Is Fiddy too gritty for Park City? The town hosting the Sundance Film Festival prevented rapper/actor 50 Cent from taking part in a shootout on the streets of Park City, in what was to be a set piece for a film shoot. After all, there was still a lot of festival business going on, and the town didn't want to scare anyone. Even as Sundance was drawing to a close, its ninth day still saw plenty of deals, star-studded premieres, awards and other goings-on, which we've summarized below. Is Fiddy too gritty for Park City? The town hosting the Sundance Film Festival prevented rapper/actor 50 Cent from taking part in a shootout on the streets of Park City, in what was to be a set piece for a film shoot. After all, there was still a lot of festival business going on, and the town didn't want to scare anyone. Even as Sundance was drawing to a close, its ninth day still saw plenty of deals, star-studded premieres, awards and other goings-on, which we've summarized below.

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Which films will win the big awards tonight? IndieWIRE's Peter Knegt makes his predictions here. Check this space tomorrow to see how well he did, or watch the ceremony live tonight (8PM MST) as it streams on the Sundance website.

Summing up the festival, Hollywood Reporter critic Kirk Honeycutt agrees with his Variety counterpart Todd McCarthy that Sundance didn't live up to its billing this year as a hotbed of "rebellion." Unlike McCarthy, Honeycutt doesn't think that's a bad thing. The films may not have been that innovative or challenging, but at least they were good.

As Sundance winds down, are there still deals to be made? IndieWIRE says the Weinstein Company is still eager to buy Afghan War documentary 'The Tillman Story,' about NFL pro-turned-friendly fire casualty Pat Tillman, but that other distributors are still in the running.

News: With all the make-believe unspooling on screen, you wouldn't think festivalgoers would mind an actual movie production taking place on the streets of Park City, but the town felt otherwise about a film shoot of a shotgun shootout that was to have featured 50 Cent. According to the Park Record, authorities nixed the outdoor shoot for fear of frightening visitors and confusing local police. (The town permitted the filming of other scenes taking place indoors.) The paper reported that the scenes are for the film 'Vengeance,' starring Danny Trejo. That seems unlikely, since Trejo completed that pet project last year, but he is reportedly working on a sequel.

Besides filming a new movie, 50 was in town to attend the premiere of 'Twelve,' in which he costars with Chace Crawford and Emma Roberts. (Both of them were on hand for the premiere as well.) The movie, a drama about spoiled, rich New York teens involved in drugs and other misbehavior, was nearly laughed off the screen earlier this week when it was first shown to festivalgoers, but distributor Hannover House had already bought the movie, sight unseen, for $2 million.

That's not the week's only headscratcher purchase. On Saturday morning, according to Variety (subscription required), IFC Films paid $1.5 million for 'The Killer Inside Me,' a graphically violent noir that has been a source of controversy throughout the festival week. Of course, IFC was similarly fearless last year when it bought Lars von Trier's similarly extreme and brutal 'Antichrist.'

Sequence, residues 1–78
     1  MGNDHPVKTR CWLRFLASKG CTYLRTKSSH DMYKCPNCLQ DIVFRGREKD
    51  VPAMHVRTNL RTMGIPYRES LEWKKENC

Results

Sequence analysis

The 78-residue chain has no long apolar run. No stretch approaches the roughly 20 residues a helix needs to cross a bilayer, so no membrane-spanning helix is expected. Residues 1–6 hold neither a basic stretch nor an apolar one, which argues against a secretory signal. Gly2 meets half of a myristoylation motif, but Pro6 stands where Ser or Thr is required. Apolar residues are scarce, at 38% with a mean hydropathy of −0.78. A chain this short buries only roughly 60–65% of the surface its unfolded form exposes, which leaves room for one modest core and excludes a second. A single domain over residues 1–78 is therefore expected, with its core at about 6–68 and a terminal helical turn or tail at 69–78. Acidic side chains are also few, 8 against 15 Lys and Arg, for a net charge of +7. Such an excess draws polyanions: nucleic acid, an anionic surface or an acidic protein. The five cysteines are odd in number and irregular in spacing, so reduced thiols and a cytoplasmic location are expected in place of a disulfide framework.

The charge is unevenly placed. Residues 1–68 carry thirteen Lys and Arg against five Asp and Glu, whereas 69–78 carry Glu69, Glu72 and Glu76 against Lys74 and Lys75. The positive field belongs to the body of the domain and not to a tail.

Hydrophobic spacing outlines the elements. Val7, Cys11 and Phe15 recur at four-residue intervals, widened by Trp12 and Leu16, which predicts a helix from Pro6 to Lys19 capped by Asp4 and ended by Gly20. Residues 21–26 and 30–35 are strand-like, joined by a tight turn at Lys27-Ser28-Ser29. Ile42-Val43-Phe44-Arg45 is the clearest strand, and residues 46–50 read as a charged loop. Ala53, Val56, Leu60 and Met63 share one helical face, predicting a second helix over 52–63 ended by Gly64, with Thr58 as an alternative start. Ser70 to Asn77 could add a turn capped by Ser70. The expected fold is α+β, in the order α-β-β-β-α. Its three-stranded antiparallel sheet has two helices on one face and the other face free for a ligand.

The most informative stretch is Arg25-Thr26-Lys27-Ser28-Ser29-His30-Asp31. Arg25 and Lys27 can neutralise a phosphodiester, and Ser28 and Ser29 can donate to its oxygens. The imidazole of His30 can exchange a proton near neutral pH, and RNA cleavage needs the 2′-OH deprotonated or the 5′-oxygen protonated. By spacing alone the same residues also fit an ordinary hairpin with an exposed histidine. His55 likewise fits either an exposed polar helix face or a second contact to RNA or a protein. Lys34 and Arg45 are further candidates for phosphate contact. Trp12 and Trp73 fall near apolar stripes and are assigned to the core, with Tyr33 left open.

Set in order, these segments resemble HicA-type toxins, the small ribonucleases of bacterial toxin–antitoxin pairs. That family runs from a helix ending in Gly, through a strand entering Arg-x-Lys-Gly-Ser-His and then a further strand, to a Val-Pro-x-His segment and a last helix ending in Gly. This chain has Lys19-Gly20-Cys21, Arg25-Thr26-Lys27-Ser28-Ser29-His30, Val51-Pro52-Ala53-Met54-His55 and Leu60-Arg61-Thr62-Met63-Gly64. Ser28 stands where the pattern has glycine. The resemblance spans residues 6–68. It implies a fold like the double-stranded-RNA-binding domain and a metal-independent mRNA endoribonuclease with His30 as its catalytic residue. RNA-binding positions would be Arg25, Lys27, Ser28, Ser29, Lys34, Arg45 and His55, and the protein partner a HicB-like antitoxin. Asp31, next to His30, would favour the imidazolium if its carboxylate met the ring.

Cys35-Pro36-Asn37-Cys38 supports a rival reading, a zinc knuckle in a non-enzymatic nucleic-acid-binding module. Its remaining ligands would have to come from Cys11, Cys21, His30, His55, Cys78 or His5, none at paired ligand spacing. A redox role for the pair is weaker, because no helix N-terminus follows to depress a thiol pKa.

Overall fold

Other deals: IndieWIRE reports that Oprah Winfrey's new cable venture OWN bought 'Family Affair,' Chico Colvard's documentary about his own violent childhood. OWN is starting what it calls a Documentary Club, in the hopes of doing for non-fiction films what Oprah's Book Club has done for publishing. IndieWIRE also reports that Peruvian gay love story 'Undertow' sold to Wolfe releasing for a price in the "low six figures," and indieWIRE also has more on the sale yesterday of Ryan Gosling's 'Blue Valentine' to the Weinstein Company, noting that TWC also has Gosling's 'All Good Things,' so we can expect a big awards push for the actor come fall.

In early prize-giving, according to Variety (subscription required), the Sloan Prize (for Sundance fiction features dealing with science) went to Diane Bell's 'Obselidia,' a drama in which the protagonist's fear of apocalypse-by-global-warming leads him to collect and preserve obsolete objects.

Sundance isn't the only festival going on in Park City this week. It's also the setting of Slamdance, the once-scrappy alternative festival started in 1995 for indie films considered too offbeat for Sundance. Of course, now that Slamdance is in its 16th year, it has become an institution just like Sundance has, complete with its own movie stereotypes (Slamdance tends to like horror and midnight-movie fare) and dealmaking (two years ago, Paramount bought 'Paranormal Activity' at Slamdance). IndieWIRE evaluates this year's Slamdance and lists the award winners.

Interviews: Bollywood came to Sundance this year in the form of Indian superstar Aamir Khan, who came to promote 'Peepil Live,' a political satire he produced. IndieWIRE's Anne Thompson talks to him at length in a video interview.

Reviews: IndieWIRE likes backwoods noir 'Winter's Bone.' The site also has a roundup of other critics' responses to some of Sundance's most buzzed-about documentaries: 'GasLand,' '12th & Delaware,' and 'Smash His Camera.'

Video: Because no day at this year's Sundance would be complete without a Kristen Stewart item: For the premiere of Stewart's 'Welcome to the Rileys,' producers auctioned off two tickets to fans, with the proceeds going toward relief efforts in Haiti. Two superfans came all the way from Toronto and San Francisco, respectively, in hopes of attending the film and rubbing shoulders with the 'Twilight' actress. Watch how their dedication was rewarded, below.

Kristen Stewart and Fans at the Sundance Premiere of 'Welcome to the Rileys'